 Some firms classified these as equity and some as
    mezzanine.




Understanding accounting for equity                                10
 SFAS 150
   Requires liability classification of:
        • Mandatorily redeemable shares
        • Any obligations to repurchase the firm’s own shares
        • Unconditional obligations in which the issuer must
          or may settle by issuing a variable number of its
          equity shares if
           • Fixed monetary amount known
           • Varies in something other than the FV of the
             equity shares (e.g., indexed to S&P 500)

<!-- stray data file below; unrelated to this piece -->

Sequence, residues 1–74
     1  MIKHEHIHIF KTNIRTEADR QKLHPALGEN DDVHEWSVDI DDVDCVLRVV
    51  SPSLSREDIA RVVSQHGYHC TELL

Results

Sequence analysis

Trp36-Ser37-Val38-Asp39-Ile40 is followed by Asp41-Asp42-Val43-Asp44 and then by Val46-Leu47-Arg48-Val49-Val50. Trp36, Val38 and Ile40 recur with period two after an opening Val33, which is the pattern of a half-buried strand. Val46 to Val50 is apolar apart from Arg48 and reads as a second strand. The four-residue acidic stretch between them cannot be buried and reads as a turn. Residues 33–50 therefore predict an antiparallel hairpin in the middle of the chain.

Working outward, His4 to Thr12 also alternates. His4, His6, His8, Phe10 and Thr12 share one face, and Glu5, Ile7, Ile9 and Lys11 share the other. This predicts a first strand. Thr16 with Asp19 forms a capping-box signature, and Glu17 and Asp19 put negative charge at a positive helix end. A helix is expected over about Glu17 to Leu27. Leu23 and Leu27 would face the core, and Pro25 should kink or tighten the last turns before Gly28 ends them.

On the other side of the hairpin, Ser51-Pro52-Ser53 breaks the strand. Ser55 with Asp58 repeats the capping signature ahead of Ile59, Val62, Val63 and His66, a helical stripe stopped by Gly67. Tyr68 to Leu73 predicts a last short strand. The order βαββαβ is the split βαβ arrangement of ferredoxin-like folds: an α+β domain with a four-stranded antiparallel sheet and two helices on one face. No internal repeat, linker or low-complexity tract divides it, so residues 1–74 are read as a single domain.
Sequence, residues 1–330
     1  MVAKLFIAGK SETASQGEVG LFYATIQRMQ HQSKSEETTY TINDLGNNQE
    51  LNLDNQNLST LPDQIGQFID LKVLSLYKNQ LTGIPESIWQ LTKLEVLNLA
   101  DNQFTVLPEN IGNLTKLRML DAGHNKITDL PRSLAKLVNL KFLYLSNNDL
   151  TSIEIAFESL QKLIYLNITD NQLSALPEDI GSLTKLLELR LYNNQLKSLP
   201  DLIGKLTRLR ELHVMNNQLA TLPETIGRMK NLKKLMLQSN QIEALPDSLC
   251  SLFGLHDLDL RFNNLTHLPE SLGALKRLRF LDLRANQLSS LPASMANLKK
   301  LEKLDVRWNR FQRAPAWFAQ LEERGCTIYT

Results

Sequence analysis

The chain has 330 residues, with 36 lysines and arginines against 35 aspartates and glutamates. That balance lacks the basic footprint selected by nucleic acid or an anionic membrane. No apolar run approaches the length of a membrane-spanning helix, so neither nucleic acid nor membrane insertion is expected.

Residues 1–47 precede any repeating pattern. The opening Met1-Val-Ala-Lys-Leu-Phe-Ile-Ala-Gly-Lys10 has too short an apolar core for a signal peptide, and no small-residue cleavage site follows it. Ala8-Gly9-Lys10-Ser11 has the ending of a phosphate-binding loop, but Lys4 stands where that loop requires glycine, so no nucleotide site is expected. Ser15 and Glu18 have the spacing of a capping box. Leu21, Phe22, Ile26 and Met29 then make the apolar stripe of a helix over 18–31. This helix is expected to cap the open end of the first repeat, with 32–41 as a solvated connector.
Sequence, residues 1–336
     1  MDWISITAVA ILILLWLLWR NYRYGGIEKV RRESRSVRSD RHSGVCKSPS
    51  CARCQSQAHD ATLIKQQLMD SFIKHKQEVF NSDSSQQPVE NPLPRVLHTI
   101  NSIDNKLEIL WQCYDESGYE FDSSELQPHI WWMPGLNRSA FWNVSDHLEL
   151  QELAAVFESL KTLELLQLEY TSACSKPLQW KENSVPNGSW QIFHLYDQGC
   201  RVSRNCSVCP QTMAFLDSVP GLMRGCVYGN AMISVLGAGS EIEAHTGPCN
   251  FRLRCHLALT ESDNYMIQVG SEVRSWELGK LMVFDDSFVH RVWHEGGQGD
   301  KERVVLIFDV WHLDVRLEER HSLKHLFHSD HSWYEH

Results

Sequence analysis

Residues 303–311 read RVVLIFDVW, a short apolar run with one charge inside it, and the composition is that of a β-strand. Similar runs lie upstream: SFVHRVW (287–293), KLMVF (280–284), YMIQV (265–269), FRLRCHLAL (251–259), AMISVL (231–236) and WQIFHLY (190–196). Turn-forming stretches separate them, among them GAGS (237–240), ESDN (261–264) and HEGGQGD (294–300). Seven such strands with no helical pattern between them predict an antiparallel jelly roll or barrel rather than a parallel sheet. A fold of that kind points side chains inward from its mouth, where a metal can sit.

• Varies inversely with FV of issuer’s equity shares



Understanding accounting for equity                               11
 SFAS 150
   What do the following have in common?
        • Mandatorily redeemable preferred stock
        • TOPRS (trust originated preferred stock)
        • Forward contracts on firm’s stock
   They are all liabilities according to SFAS 150.




Understanding accounting for equity                   12
 But wait…
     SFAS 150 says that an obligation that is settled by
      issuing a variable number of equity shares is a liability.
     That doesn’t meet the definition of a liability under
      CON6:
          • Liabilities are probable future sacrifices of economic benefits
            arising from present obligations of a particular entity to
            transfer assets or provide services to other entities in the